A corporate vision is one of the most important aspects of a company. As I talk about in my forthcoming book, corporate vision is the means to visualize your optimal future state of being. It’s what you wish to achieve over the life of the company, which you hope will be long and prosperous.

When creating this vision, looking five and ten years out along the horizon is necessary because you want to figure where the company will be at that time, what it will be doing, and how it will be doing it. Knowing what you know about your assets, this seems relatively doable…until you throw disruptors in the mix.

By disruptors, I’m specifically speaking about those of the technological sort: social media, cloud, mobile, big data and analytics. At this current state of the game, the very way we operate as human beings has been radically changed by these innovations: we leave cookies across the Internet that provides more information than ever to companies that want to understand and influence our behaviour; we become engrossed with the rapid flow of life conveyed via social media; our entire lives can be managed on our mobile devices; and cloud technology has revolutionized the very way we do everything from shop to work – anywhere at anytime.  When looking at your corporate vision, does it really make sense to pay attention to them?

You’d better believe it does.

The optimal future state of all companies now includes a pathway to and through these disruptive technologies. We must understand how they affect our employees (and the wider talent pool), our workplaces, our customers, and our shareholders. Mobile and cloud change everything from the delivery of services to workplace configuration; social media becomes a tool that is useful to build a powerhouse brand and communicate with employees and customers on a real-time basis; and big data and analytics can make even the least savvy product developer instantly primed and ready to know what the customer wants and how they want it delivered before they even know to ask for it. Big data and analytics will also change how we understand and manage people, and give people new tools with which to manage themselves.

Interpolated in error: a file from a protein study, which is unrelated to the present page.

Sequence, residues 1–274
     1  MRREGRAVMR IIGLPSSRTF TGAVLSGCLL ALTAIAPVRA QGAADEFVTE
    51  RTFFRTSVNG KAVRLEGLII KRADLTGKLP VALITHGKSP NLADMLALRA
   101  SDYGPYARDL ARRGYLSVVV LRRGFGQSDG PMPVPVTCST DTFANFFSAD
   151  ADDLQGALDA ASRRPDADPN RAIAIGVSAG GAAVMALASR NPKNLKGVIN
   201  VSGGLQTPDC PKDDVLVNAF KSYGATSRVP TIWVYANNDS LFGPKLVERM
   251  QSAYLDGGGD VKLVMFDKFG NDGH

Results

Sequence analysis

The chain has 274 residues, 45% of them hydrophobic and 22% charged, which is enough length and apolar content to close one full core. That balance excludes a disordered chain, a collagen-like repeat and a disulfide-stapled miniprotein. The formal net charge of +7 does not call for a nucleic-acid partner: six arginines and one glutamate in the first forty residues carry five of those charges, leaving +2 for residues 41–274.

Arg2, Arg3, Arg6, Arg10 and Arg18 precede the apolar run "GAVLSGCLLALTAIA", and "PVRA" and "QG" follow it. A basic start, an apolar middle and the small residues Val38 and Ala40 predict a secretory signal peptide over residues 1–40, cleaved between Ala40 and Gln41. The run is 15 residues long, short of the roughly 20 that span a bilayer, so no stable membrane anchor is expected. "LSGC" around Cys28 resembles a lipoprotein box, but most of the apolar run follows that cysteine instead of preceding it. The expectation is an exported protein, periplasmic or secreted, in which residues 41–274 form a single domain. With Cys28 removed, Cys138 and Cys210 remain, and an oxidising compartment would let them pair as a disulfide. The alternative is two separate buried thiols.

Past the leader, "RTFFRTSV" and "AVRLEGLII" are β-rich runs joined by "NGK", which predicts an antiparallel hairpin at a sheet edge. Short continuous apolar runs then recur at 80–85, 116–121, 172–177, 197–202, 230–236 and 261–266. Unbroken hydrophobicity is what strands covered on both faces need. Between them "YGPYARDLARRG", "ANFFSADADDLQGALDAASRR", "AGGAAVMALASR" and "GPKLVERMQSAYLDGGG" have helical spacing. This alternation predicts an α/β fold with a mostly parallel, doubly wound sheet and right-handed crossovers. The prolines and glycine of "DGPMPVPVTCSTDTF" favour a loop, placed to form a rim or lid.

Utilized properly, these seemingly unsettling technologies can become our best tools for building a powerful future. We need only harness them correctly.

Now is the time for HR departments to become fully engaged with what these tools can do. And to build capacity at our companies by using them. The world is ripe with research, and a bit of time spent building a base of expertise can help you create a business case as to why the old corporate vision might need to be taken down from the shelf, brushed off, and looked at again, this time with an eye to a technologically advanced future. Bring your thoughts to your Chief Information Officer, and discuss the best delivery models for their services. Bring in the C-suite and have a robust discussion around the impact this will have on all aspects of the company, from Marketing and Supply Chain, all the way to Customer Service, and yes, inside HR itself. No stone should remain unturned; the future is coming far too rapidly.

When changing corporate vision, be sure to find a balance of new guard and old. Don’t fear these technologies. Look to them to find a new vision, one that embraces change and becomes endlessly agile while remaining steadfast to the core values of your organization. Technological disruptors are only destructive if you remain rigid. Adapt and ride the lightning, and the world will be your oyster.

Is it time to retool your corporate vision to embrace these emerging technologies?

The answer is a resounding yes.